Document Review • Relevant secondary literature, such as working groups or other agency reports • Project documents – such as proposal, budget, workplan, monthly and semi-annual report, BoQs, etc. • Project MEAL documents and data – baseline, endline, performance monitoring, third-party monitoring and progress reports, MEAL Plan and Indicator Tracking Tables Primary Data Collection • Key informant interviews with CMU and project staff of each partner • Key informant interviews with representatives of different beneficiary groups in the targeted population, local officials, medical staff, technical departments, NES Forum and coordination actors and other local stakeholders. • Focus group discussions with project beneficiaries (identified distinctly for each result), separately capturing the perspectives of different demographic groups (especially IDPs/returnees, male/female, older/younger) • Observations of field locations, services provided and infrastructure rehabilitated with LEARN funding • Case studies – one case study mandatory, more than one preferred. Topics of interest for case studies will be provided to evaluation team during the planning stage. At the same time LEARN will appreciate ideas brought by evaluation consultant/team • The team shall adhere to the data protection guidelines of SI Limitations

Considering the situation of COVID-19, movement to project sites might be limited, planning for remote data collection of primary data should be considered while proposing different data collection methods.

DELIVERABLES AND TIMETABLES

Inception Report (max 10 pages) containing proposed methodology incl. proposed adjustments of the evaluation questions, a brief evaluability assessment, sampling strategy, tools and work schedule. Evaluability assessment will provide review of the degree to which the proposed evaluation questions can be answered and measured effectively and findings attributed to project. This should be done based on document review and consultation of the following aspects with project teams: • Available data: what relevant data is currently available to track progress and measure outcomes? What implications does availability or lack of data have for evaluation design? • Considerations for data collection and limitations: what limitations and challenges exist for data collection and how could these be mitigated or overcome? • Use of findings and lessons learned (including a proposition for relevant dissemination formats for internal and external use): how will project management team and stakeholders use findings? What are the implications of such use for evaluation design? Validation Presentation conducted by the evaluator at the end of the field mission to introduce, discuss and validate the initial findings, lessons and recommendations with LEARN CMU and partners Draft Report (Max. 30 pages excluding annexures) allowing for feedback from Consortium, within two weeks from the end of field assignment. Case study(ies) will be annexed to the draft report.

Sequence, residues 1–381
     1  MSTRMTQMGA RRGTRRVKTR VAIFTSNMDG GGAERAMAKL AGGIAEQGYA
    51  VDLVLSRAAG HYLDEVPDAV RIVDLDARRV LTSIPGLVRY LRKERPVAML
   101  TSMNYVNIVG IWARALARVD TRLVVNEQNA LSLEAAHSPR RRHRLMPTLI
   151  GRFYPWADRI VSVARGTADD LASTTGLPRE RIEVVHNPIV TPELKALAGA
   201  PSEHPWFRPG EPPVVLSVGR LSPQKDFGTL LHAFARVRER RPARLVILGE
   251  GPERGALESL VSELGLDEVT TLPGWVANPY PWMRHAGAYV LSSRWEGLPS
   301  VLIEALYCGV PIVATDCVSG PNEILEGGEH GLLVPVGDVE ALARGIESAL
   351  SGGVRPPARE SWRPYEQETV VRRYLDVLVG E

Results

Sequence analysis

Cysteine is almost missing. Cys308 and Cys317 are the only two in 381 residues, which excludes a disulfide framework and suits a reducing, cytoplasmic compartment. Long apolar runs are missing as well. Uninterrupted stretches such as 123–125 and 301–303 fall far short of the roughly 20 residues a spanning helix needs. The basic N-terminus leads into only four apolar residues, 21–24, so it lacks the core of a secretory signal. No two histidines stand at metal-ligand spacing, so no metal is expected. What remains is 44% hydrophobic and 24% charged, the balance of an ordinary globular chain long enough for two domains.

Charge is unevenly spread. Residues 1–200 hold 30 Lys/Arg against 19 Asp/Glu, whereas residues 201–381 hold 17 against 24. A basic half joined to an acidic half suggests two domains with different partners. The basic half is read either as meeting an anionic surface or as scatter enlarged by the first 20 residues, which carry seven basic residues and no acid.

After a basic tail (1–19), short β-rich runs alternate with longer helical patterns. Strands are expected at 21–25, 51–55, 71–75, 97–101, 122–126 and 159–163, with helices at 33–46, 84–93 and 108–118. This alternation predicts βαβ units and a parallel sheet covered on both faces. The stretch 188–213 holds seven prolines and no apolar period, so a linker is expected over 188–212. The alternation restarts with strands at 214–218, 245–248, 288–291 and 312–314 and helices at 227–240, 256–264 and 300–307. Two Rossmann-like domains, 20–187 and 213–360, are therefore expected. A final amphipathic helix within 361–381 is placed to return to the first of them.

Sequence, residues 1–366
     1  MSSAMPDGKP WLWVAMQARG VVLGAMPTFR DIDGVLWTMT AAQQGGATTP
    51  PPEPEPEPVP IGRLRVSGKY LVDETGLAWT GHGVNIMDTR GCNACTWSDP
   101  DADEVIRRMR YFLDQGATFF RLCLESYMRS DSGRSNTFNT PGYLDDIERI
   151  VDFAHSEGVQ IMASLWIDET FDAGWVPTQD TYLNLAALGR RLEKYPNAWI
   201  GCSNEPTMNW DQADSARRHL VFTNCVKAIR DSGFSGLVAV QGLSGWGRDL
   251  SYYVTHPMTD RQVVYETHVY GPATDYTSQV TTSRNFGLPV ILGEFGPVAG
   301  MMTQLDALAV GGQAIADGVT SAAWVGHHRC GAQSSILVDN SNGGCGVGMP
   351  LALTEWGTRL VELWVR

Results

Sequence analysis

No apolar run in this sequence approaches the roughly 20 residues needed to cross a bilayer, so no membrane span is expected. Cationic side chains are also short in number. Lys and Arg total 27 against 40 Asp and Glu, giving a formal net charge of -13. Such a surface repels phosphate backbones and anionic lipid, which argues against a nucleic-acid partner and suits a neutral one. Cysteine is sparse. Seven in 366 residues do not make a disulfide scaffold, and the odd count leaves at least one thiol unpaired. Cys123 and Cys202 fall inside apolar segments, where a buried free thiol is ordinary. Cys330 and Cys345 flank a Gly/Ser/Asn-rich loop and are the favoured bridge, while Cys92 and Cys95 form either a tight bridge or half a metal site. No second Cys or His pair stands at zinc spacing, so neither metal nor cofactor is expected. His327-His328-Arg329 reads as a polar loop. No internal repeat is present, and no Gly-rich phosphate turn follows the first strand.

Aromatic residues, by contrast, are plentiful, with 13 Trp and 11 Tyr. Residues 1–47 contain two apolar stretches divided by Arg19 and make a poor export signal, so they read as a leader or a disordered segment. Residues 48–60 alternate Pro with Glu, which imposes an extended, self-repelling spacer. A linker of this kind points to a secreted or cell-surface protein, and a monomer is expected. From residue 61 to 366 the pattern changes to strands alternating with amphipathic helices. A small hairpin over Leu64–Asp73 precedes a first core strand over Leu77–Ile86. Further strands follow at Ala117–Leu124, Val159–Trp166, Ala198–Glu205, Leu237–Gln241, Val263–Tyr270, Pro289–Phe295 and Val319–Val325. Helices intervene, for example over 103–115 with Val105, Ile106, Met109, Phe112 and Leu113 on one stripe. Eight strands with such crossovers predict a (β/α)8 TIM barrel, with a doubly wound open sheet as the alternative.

Final Report (including annexures like assessment tool, list of referenced documents, timeline of evaluation, list of interviewees) incorporating feedback from Consortium to the Draft Report and final recommendations, within two weeks from receiving the response.

Evaluation data including interview transcripts/summaries/recordings, photo documentation, site observation records, databases if produced etc.

These deliverables are to be: • prepared in English • submitted to LEARN electronically via e-mail: meal.spe@learnconsortium.org and dcop@lernconsortium.org.

Inception report

  • Content: Evaluator provides clarifications on methodology (incl. list of documents to be reviewed, sampling, tools, work schedule, evaluability assessment)
  • Responsibilities: Evaluator submits to LEARN electronically. LEARN provides all necessary inputs such as project documents, timing requirements etc.)
Validation Presentation

  • Content: Initial Findings, lessons and recommendations
  • Responsibilities: Evaluator carries out a validation session for LEARN ideally at field level LEARN organizes venue (physical or virtual) and invites participants
Draft of the final report

  • Content: Full report (max 5 pages of executive summary, maximum of 25 pages of main chapters excluding annexes and forefront pages, font Arial 10 with 1.15 line spacing)
  • Responsibilities: Evaluator submits the draft of the final report and presentation on key findings and recommendations to LEARN for the field teams. LEARN provides feedback within 5 working days of the draft report receipt
Final report

  • Content: Revised report
  • Responsibilities: Evaluator submits the draft of the final report to LEARN Presentation of the final report with LEARN CMU and Partner Focal Points